ICP attends this annual event to develop leads on local events that you, local industrial distributors, can attend. We find career fairs, opportunities for in-class presentations and requests for tours of industrial distributors. Then we go out to all Alliance Partners and ask them to find a local distributor to volunteer. In November ICP had a local presence at five events, four career fairs and one in-class presentation.


Once a student understands what an industrial distributor does, many find the field of interest to them for a future career. Involving the influencers of young people (like their teachers and counselors) also helps to promote the field at the local level. After all, someone can't consider a career in industrial distribution if they don't know what it is.


If you are interested in doing something in your community to promote industrial distribution (and your company as well) contact ICP at and we will work to find an opportunity for you.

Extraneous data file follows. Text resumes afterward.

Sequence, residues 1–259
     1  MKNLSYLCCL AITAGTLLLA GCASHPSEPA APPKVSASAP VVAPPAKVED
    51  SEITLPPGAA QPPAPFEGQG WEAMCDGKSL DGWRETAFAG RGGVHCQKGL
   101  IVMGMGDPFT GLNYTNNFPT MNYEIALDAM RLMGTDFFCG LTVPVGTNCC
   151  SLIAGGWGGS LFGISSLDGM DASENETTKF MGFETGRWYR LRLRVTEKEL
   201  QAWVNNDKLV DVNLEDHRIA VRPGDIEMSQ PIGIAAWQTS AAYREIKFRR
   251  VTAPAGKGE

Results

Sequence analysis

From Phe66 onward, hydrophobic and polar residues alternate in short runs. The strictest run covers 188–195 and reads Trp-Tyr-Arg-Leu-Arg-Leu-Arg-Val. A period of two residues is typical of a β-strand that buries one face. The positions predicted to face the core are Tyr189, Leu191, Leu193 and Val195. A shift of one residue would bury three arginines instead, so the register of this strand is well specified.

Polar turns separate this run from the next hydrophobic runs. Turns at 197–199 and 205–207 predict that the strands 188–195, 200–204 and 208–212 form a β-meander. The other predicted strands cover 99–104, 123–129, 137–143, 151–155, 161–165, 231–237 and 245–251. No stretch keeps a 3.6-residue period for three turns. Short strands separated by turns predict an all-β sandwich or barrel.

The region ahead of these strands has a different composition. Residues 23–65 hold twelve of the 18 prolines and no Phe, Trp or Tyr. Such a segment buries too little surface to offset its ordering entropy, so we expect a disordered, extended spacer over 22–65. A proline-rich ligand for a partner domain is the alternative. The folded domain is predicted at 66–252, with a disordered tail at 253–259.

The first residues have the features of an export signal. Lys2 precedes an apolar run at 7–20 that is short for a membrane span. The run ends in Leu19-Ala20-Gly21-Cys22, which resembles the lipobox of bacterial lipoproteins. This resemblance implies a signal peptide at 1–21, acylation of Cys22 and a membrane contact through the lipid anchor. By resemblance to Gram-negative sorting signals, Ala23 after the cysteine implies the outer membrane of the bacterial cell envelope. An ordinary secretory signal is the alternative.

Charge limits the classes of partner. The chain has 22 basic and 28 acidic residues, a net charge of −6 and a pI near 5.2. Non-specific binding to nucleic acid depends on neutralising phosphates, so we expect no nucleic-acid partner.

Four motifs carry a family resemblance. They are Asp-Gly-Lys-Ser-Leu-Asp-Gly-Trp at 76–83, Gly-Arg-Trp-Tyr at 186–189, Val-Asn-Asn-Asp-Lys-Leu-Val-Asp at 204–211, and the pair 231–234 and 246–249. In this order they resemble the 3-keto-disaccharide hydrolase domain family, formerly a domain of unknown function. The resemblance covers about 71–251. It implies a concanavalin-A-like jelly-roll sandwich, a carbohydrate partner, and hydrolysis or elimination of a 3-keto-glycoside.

The next time you are looking to hire for an open sales position you should consider that many times people hire based on emotion and not on how well suited the candidate is for the position. A recent article, in Industrial Supply Magazine points out five "tells" you want to look for before you interview or hire your next sales person.


1)   A Bad Resume

2)   Lateness

3)   No Mental Presence

4)   Lack of Preparation

5)   Bad Presentation

Don't make the mistake of giving a candidate the benefit of the doubt even though they are already guilty of one of the five "tells" listed above. If they don't have it together now, don't take your chances. These employees will represent your company to your clients; don't risk hurting existing client relationships with a bad hiring decision. Before you offer a candidate a position in your company ask yourself, "Would I want this candidate to treat my clients the way he treated me in the interview?"

Contact Mary Jawgiel, ICP Program Director, or call +1.312.516.2100